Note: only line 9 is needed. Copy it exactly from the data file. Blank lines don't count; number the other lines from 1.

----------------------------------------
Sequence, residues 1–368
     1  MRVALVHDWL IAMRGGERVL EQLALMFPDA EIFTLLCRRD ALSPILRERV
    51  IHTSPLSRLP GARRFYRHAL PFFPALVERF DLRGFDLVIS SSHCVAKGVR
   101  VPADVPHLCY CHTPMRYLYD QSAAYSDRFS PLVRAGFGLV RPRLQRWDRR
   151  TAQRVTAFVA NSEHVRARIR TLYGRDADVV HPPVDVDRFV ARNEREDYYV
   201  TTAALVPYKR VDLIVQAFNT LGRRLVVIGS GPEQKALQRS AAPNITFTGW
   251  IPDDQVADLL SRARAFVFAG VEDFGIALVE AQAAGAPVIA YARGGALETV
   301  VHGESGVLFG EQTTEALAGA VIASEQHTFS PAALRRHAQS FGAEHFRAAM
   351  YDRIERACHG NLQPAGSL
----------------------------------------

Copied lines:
   351  YDRIERACHG NLQPAGSL